The U.S Army Combat Capabilities Development Command (DEVCOM) is looking for industry’s help to create a system in which the Army can forecast “near-term enemy courses of action (ECOA) based on current Situational Awareness (SA)” according to the new request for information (RFI).

The RFI seeks information to help support DEVCOM’s Command, Control, Communications, Computers, Cyber, Intelligence, Surveillance and Reconnaissance (C5ISR) Center to survey possible technology tools to predict foreign enemy vulnerabilities in a “systems warfare context.”

“Future warfare portends a hyperactive, interactively complex battlefield characterized by robotics and autonomous systems. To survive a Transparent Battlefield, friendly and enemy forces will continuously reorganize as self-composable edge organizations,” the RFI says.

One of the critical pieces of information that DEVCOM is looking for is the ability to develop software tools that can provide continuous information on the enemy’s unit and weapon systems’ last known locations and whereabouts.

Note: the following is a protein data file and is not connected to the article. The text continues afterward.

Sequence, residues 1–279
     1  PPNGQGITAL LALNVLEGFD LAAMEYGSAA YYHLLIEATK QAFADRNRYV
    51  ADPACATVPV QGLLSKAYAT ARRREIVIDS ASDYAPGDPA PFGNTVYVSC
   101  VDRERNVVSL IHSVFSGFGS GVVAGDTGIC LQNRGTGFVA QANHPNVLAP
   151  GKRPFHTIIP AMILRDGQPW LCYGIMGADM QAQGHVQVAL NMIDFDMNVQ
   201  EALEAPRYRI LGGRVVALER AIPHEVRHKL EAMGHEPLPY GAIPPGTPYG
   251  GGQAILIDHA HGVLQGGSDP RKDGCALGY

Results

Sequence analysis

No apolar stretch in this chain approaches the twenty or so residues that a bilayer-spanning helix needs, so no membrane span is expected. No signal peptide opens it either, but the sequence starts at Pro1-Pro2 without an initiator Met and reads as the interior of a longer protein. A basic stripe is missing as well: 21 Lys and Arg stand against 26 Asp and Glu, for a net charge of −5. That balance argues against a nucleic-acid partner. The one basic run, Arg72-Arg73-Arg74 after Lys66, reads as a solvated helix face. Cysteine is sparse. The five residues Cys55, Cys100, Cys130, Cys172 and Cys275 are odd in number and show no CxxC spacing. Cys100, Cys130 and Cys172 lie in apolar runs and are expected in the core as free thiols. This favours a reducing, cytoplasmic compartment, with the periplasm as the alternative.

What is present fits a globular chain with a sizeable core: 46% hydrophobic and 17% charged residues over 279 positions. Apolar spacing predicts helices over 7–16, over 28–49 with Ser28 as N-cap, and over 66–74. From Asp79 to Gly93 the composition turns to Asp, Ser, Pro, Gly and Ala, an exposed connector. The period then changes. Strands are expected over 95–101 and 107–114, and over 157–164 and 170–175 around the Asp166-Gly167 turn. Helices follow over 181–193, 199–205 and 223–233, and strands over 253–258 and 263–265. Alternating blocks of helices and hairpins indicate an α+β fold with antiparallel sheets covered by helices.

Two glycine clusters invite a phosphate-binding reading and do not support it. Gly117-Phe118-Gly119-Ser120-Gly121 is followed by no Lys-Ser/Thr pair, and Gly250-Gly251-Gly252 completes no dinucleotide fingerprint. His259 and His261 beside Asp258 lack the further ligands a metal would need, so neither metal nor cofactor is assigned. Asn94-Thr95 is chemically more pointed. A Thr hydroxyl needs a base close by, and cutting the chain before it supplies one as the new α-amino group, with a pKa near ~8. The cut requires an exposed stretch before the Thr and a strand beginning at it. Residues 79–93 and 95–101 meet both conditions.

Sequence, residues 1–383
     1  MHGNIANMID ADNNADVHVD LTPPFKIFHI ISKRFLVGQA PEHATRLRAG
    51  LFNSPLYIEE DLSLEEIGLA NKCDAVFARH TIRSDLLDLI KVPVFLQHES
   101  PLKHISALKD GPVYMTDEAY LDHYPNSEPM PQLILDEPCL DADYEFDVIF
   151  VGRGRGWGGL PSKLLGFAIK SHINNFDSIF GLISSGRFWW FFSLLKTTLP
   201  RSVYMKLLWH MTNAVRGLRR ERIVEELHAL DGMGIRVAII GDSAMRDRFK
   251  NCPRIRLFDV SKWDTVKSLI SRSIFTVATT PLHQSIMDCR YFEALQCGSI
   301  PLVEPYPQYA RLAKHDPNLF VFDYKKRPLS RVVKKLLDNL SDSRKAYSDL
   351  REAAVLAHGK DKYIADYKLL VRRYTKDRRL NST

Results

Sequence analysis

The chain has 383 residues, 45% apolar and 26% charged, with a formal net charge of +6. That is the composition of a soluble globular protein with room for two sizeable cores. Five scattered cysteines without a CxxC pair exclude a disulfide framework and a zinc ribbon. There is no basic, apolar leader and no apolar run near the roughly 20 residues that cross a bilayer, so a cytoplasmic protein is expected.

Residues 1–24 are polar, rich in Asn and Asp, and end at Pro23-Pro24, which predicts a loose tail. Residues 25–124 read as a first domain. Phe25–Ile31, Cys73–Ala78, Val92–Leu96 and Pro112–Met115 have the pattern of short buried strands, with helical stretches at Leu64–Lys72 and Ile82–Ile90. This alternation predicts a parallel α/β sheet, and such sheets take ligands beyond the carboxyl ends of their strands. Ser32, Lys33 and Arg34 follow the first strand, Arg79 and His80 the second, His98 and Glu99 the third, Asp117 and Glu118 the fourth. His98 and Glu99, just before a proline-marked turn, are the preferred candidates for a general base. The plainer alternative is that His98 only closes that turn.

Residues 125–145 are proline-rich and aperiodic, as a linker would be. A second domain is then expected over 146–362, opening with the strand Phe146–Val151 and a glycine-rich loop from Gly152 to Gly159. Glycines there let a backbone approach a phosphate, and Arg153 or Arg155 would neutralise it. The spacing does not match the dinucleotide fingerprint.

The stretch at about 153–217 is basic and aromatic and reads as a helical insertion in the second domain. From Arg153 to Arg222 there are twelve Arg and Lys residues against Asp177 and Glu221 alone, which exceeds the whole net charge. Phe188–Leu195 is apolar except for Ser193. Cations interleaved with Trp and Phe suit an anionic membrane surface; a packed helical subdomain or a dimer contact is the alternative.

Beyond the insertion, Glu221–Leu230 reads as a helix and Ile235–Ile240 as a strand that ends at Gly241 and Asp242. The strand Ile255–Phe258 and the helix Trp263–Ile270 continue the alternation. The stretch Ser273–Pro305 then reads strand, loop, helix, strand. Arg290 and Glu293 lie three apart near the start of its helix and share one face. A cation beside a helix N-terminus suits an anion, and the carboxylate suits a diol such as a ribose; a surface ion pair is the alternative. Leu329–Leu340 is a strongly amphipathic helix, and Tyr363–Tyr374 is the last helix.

The system must also be used on a standard laptop that utilizes machine learning (ML) and artificial intelligence (AI).

Other important areas that the RFI looks to receive information on include:

  • The ability to accept input that could include prior event templates, threat system parametric data, and known operating procedures; processed, correlated data derived from multiple sensors and Open-Source Intelligence (OSINT); and the metadata behind moving and stationary threat COP symbology;
  • The goal, if feasible, is software that does not require in-depth technical expertise to manage and use. If this goal is not feasible, RFI respondents will describe the minimum technical expertise required to use the software;
  • User interfaces must be as intuitive as technologically possible;
  • How the solution approach would integrate into the Army Intelligence Data Platform (AIDP) and other cloud-based systems that the Army is currently using; and
  • A rough order magnitude (ROM) cost and schedule estimate for the effort; estimated technology readiness level (TRL) at the start and finish of the effort.

The need for these system abilities comes as the U.S. military apparatus has grown to learn that the next frontier in warfare will no longer be secluded to the physical battlefield but will also be fought in the technology arena.

“As seen in the Ukraine and Nagorno-Karabakh Wars, forces will adapt tactics, techniques, and procedures at a rate that will challenge all-source intelligence analysts’ ability to forecast enemy courses of action (ECOA),” the RFI says.

All responses to the RFI are due on July 20.

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Jose Rascon
Jose Rascon
Jose Rascon is a MeriTalk Staff Reporter covering the intersection of government and technology.